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Justice & Love in the Accessible Room
How I learned a transformative lesson in the most unusual way.
I was traveling a couple weeks ago.
As the invited guest on a panel at a symposium in Utah, I was consistently amazed by how beautiful the landscape was. I was snapping pictures with my jaw dropped for the whole 45-minute drive from the airport to my hotel.
We got to my hotel and the check-in process was seamless.
But I started noticing odd things when I got to my room. The bathroom counters were lower than I was used to. The closet racks were low and situated in a weird way. When I went in the bathroom, there was no separation between the shower and the toilet. There was no tub. No glass door. Just a retractable shower curtain that reached the floor.
And a shower seat. I realized they’d given me a handicap accessible room, and things started to make sense.
At first, I was sort of irritated. Why couldn’t I just get a normal room? This is so annoying.
But then I thought about the fact that there was not one single thing I could not do in that room. Everything I needed to do was easily doable. I might have had to bend over a little bit to iron and rinse my razor off. But I could get the job done.
And I thought about how a disabled person, the sort of person this room was designed to accommodate, might not have been able to do any of those things without the room being designed in this specific way.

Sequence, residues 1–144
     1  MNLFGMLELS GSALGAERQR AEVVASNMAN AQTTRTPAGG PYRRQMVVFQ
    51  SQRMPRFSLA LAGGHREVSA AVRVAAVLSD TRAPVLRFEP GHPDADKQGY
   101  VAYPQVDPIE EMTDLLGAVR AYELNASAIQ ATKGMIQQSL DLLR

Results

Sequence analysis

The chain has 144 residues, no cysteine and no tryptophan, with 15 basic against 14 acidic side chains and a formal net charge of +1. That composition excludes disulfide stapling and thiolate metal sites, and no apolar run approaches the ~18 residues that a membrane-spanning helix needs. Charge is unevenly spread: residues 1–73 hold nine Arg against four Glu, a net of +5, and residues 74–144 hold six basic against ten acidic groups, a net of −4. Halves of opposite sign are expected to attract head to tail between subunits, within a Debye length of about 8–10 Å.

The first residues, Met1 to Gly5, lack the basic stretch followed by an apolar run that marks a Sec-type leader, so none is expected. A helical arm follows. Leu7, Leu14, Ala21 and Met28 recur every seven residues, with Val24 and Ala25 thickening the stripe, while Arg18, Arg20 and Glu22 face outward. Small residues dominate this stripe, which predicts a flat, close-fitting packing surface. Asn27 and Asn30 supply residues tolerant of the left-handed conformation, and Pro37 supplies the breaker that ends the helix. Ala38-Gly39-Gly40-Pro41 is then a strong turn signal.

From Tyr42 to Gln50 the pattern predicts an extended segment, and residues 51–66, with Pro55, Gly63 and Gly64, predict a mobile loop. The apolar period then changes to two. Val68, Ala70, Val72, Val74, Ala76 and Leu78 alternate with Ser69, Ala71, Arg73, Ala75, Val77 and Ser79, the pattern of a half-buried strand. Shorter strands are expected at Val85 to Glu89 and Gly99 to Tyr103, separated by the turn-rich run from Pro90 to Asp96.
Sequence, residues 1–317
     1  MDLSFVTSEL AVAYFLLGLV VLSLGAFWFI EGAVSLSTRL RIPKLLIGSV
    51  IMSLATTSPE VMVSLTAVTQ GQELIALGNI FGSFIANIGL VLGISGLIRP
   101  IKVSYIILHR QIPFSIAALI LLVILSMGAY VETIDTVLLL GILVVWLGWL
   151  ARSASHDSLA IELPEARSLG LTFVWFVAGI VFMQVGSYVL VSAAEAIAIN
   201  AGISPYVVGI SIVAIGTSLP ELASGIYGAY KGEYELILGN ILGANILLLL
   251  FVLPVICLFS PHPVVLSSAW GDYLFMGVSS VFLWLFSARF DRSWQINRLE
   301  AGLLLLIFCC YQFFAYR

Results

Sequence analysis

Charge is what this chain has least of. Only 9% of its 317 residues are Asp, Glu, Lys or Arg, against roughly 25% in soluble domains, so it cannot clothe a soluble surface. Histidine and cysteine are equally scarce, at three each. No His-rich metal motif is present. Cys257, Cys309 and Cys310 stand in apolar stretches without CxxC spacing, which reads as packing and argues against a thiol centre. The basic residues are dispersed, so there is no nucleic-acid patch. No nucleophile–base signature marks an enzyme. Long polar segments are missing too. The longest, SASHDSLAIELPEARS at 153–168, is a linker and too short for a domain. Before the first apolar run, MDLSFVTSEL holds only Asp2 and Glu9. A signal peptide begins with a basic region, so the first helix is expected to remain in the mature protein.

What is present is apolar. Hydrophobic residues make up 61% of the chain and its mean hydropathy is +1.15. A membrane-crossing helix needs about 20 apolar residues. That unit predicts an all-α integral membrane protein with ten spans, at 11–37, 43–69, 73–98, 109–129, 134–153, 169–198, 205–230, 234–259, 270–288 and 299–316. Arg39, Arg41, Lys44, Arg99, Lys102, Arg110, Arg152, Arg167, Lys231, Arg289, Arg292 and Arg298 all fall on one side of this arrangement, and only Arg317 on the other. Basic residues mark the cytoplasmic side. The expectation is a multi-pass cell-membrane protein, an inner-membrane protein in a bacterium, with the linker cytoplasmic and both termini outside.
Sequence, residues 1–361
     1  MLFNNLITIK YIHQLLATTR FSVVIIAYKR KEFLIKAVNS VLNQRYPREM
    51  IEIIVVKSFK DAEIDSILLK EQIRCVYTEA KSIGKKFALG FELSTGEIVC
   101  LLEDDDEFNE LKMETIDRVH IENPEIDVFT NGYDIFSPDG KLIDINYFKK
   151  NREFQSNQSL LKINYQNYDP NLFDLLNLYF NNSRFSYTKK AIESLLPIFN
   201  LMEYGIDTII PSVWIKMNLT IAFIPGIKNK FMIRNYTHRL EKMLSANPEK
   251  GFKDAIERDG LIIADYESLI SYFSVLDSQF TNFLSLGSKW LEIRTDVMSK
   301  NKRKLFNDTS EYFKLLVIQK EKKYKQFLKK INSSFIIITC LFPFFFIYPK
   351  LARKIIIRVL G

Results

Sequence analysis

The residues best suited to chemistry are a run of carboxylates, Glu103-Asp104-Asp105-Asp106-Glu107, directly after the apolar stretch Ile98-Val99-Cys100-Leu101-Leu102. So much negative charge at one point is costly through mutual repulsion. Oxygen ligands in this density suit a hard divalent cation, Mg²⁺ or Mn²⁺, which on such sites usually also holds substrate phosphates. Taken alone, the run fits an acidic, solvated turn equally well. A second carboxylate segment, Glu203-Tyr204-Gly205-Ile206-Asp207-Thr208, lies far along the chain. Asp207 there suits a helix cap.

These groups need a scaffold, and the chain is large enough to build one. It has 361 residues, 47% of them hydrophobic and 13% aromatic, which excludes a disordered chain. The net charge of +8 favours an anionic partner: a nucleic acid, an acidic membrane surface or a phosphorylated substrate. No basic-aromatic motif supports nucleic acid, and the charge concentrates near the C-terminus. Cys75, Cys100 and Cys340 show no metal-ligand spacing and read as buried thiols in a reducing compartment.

I could get by just fine in a space that was designed to accommodate them.
They would not be able to experience the fullness of the hotel’s experience without these accommodations.
I learned a lot about justice in that moment.
It’s easy to miss injustice that doesn’t directly impact us.
If you’ve never been on the wrong side of a transgression, justice might feel like a nuisance.
But a better world demands that we all make adjustments so that everyone can experience the fullness of life.
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This post would do well enough on its own as a post about disability justice. But this is also a post about love. Genuine love. The commitment to wholeness. The sort of love we ought to think about when we read the words God is love.
I learned about the sort of love Jesus models when he stands with the people most of society had pushed to the margins of their conscience, and it gave me something to aspire to.
Love is the liberating force that allows everyone to live abundantly. It may require us to adjust the degree to which we expect the world to cater to our own personal needs. But when we love well, we’ll find that prioritizing the needs of the often forgotten and least understood doesn’t marginalize anyone.
In centering the needs and committing to the wholeness of others, we humanize ourselves. We undo the programming that teaches us that self-reliance to the point of self-centeredness is a virtue. Love makes community possible.
After a couple of days, I checked out of that hotel room with a better understanding of what love embodied looks like.
I took advantage of one last chance to take in all of the beautiful landscapes on the long ride back to the airport. I looked at these big, snow capped mountains in the summer time. I thought about the Creator of those heights. I inhaled deeply. I thought about how big the world was. I exhaled. And then I just smiled.
Who would’ve thought one handicapped accessible hotel room could teach me so much?